Wednesday, March 30, 2011

Re: Making RPC access logs intelligible

Philippe, Kelsey - thanks for the very helpful responses. This sort
of additional proxy behavior feels like something that would be of
considerable value as a standard part of GWT. I'm surprised there
aren't considerably more complaints in this group.

setServiceEntryPoint() was the magic button I was looking for.
However, I ended up coming up with an alternative that fits my
(heavily Guice-dependent) architecture a little better. Since your
responses were so good (I wish I could give you stackoverflow points),
I feel obligated explain what I did.

This involves a larger number of artifacts than I would prefer, but it
feels fairly natural to me:

* I derived a new GuiceRemoteServiceServlet that overrides
processCall() to look up the interface in the Guice injector and
execute code on throwaway objects.
* I created separate interface, interfaceAsync, and implementation
classes for every single method. Each interface has a different
@RemoteServiceRelativePath. Some of the impl classes handle multiple
interfaces when there is appropriate shared logic.
* I map the interfaces to implementation in GuiceConfig.
* I created a Gin singleton that implements all the async interfaces
and proxies to the individual gwt-rpc proxies; this keeps my client
code blissfully ignorant of the complexity.

It's a little painful to add an RPC method:

* Create new interface and interfaceAsync
* Implement the interface with a new impl class or on an existing impl class
* Map the interface to impl in Guice
* Add the async interface to the Gin singleton proxy

On the other hand my biz logic is now the way I want it to be -
wrapped up in small, modular, reusable, appropriately scoped,
guice-injected chunks. Parameter/method changes refactor nicely with
Eclipse. I could eliminate the mapping step with annotations if I was
willing to accept the startup time penalty of classpath scanning, and
I could probably even generate the Gin singleton if I wanted. But my
remote interface doesn't change that often.

This may not be for everyone, but for a DI addict like me it seems
pretty reasonable. And my appengine logs are now beautiful again -
current load, errors, and individual log entries are now broken down
by method call.


On Wed, Mar 30, 2011 at 4:33 AM, Kelsey Francis <> wrote:
> Jeff,
> You could create a common subclass (let's call it JeffRemoteServiceServlet)
> of RemoteServiceServlet that overrides the
> onAfterRequestDeserialized(RPCRequest) method. That method is called, as the
> name implies, everytime the servlet receives an RPC request, so it's the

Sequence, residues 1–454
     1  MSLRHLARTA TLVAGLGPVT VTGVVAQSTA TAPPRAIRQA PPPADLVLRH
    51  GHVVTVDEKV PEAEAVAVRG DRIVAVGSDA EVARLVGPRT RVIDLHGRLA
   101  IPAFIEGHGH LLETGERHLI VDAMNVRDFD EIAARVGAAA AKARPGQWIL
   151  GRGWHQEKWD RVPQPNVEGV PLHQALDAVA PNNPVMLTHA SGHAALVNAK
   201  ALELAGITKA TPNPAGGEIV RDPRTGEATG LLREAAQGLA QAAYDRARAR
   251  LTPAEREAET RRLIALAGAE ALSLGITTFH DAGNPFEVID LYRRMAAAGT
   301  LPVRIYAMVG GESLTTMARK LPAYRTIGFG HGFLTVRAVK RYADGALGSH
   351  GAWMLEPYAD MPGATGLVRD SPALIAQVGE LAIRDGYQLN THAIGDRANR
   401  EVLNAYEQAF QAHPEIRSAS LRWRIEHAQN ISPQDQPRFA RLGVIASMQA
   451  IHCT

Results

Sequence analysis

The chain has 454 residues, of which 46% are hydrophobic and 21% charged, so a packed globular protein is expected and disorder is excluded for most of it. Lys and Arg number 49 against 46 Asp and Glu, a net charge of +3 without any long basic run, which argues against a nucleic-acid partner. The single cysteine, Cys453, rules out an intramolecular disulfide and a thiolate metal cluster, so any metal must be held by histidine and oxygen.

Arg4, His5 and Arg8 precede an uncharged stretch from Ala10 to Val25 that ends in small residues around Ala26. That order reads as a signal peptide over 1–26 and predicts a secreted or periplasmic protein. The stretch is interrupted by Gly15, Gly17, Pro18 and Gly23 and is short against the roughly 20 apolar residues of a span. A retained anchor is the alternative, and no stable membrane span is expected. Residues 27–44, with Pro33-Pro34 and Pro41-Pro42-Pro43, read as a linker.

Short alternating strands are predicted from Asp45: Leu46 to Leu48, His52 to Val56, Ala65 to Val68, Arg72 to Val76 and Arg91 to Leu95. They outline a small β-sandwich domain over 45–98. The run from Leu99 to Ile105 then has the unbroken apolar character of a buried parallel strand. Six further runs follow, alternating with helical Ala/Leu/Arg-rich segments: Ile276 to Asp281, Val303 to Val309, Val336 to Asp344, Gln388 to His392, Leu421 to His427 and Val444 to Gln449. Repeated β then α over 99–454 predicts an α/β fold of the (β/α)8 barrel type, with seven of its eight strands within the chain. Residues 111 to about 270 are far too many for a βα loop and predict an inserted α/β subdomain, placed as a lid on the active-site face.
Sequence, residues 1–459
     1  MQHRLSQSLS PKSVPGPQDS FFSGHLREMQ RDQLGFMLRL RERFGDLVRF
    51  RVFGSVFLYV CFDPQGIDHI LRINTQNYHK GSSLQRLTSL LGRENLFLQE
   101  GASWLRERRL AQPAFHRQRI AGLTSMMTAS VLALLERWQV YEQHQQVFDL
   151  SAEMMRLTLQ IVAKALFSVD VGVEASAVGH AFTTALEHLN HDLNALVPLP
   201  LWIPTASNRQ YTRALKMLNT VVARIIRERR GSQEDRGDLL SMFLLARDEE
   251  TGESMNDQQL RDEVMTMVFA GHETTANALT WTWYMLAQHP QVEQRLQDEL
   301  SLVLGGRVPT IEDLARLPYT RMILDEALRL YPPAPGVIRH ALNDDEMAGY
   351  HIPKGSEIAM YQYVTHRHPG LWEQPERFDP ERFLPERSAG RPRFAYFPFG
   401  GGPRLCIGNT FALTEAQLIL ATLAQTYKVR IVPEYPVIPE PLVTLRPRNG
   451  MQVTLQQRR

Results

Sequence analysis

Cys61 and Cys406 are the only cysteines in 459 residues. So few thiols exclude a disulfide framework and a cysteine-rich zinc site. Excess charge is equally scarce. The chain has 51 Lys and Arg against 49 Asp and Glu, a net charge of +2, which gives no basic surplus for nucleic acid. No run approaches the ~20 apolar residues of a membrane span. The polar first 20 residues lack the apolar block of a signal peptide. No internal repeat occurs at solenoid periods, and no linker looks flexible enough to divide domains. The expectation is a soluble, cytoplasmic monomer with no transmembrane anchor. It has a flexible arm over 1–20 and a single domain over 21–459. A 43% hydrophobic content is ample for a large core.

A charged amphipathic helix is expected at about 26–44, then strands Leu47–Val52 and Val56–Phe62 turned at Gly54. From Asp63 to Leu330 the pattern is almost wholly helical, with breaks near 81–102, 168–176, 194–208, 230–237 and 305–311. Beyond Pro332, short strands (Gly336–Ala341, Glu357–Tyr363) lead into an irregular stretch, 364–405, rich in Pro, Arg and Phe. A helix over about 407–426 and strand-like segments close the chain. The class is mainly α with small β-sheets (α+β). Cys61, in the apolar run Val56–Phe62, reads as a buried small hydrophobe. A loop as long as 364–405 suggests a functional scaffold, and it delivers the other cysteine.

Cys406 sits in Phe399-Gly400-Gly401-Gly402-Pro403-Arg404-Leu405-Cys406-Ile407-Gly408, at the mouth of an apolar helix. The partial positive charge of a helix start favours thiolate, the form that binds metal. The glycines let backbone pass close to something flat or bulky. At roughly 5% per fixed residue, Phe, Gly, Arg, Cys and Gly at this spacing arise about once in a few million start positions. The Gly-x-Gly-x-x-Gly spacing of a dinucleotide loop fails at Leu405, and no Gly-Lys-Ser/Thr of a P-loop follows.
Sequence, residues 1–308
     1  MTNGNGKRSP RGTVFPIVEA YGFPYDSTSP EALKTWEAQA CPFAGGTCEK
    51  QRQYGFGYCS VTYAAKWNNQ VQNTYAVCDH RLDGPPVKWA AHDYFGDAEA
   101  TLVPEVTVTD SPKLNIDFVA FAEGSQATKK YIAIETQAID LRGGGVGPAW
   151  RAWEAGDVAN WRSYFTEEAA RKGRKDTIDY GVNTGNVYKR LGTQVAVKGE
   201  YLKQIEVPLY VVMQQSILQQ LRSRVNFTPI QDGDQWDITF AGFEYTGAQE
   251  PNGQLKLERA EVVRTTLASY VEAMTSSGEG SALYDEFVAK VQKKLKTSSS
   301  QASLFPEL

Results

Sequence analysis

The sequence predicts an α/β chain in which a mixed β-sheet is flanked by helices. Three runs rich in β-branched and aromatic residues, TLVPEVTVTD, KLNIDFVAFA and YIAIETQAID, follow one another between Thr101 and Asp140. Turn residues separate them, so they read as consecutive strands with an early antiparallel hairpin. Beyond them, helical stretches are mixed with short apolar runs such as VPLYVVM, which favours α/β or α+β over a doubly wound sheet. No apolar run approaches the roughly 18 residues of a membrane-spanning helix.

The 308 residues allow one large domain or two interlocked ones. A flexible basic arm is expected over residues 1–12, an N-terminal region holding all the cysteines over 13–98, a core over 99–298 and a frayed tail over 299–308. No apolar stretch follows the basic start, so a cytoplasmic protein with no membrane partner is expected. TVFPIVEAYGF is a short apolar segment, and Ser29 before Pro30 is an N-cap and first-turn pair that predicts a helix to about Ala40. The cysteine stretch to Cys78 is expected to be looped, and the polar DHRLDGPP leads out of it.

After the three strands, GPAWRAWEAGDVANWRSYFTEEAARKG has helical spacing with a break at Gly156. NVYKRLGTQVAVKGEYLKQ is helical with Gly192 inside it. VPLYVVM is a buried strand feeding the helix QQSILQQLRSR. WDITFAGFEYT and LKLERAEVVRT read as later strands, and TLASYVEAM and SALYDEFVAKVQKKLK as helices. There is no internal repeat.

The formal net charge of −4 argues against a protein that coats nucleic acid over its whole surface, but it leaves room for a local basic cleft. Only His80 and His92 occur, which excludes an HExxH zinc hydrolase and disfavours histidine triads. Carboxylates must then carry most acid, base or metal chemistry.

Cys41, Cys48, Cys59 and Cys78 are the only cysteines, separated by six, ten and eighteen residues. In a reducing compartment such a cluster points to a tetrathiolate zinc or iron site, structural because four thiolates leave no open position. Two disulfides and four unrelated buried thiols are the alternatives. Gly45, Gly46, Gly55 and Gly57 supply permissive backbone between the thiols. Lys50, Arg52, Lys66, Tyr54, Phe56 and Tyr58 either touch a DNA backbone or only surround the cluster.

> perfect spot to collect information for logging.
> That doesn't get you the timing information you're after, though, so you
> could instead override RemoteServiceServlet.processCall(String) to
> 1. Start a timer (i.e., record System.nanoTime() or whatever)
> 2. Call super.processCall
> 3. Stop the timer
> Now, so long as all of your service implementations override
> JeffRemoteServiceServlet, you've got the desired behavior everywhere. I'm
> not sure where the best spot to do the actual averaging would be, but this
> should at least let you hook in at the right spot.
> Another (much more difficult) option, that you and Philippe have alluded to,
> is to call setServiceEntryPoint client-side and pipe all of your RPC
> requests through a single servlet. You can make this happen automatically,
> or even completely take over the RPC transport process by creating a custom
> proxy generator. We've done this, and as you mentioned, it's a little
> difficult to wrap your head around at first, but once you have, the changes
> are actually pretty minor (unless you decide to start adding features like
> batching, etc.). You'd need:
> 1. A new subclass of RemoteServiceProxy (let's call it
> DispatchedRemoteServiceProxy) that overrides doInvoke() to take control of
> the transport of the request
> 2. A new subclass of ProxyCreator (let's call it
> DispatchedRemoteProxyCreator) that overrides getProxySupertype() to
> return DispatchedRemoteServiceProxy.class
> 3. A new subclass of ServiceInterfaceProxyGenerator (let's call it
> DispatchedRemoteServiceGenerator) that overrides createProxyCreator() to
> return a new DispatchedRemoteProxyCreator
> 4. Have your services inherit a new interface (DispatchedRemoteService) and
> set up your .gwt.xml file generate impls of that interface with
> DispatchedRemoteServiceGenerator.
> The trickiest part is what to do in DispatchedRemoteServiceProxy.doInvoke().
> You'll want to make a request to your special dispatch servlet, of course,
> and then decode it once you get a response. RequestCallbackAdapter holds the
> keys to making this happen. Dispatching the request server-side is
> relatively trivial once you have the decoded RPCRequest.
> The point of all this is of course to have all your requests one through a
> single servlet, which would, among other things, probably make collecting
> information about requests a little easier.
> -Kelsey
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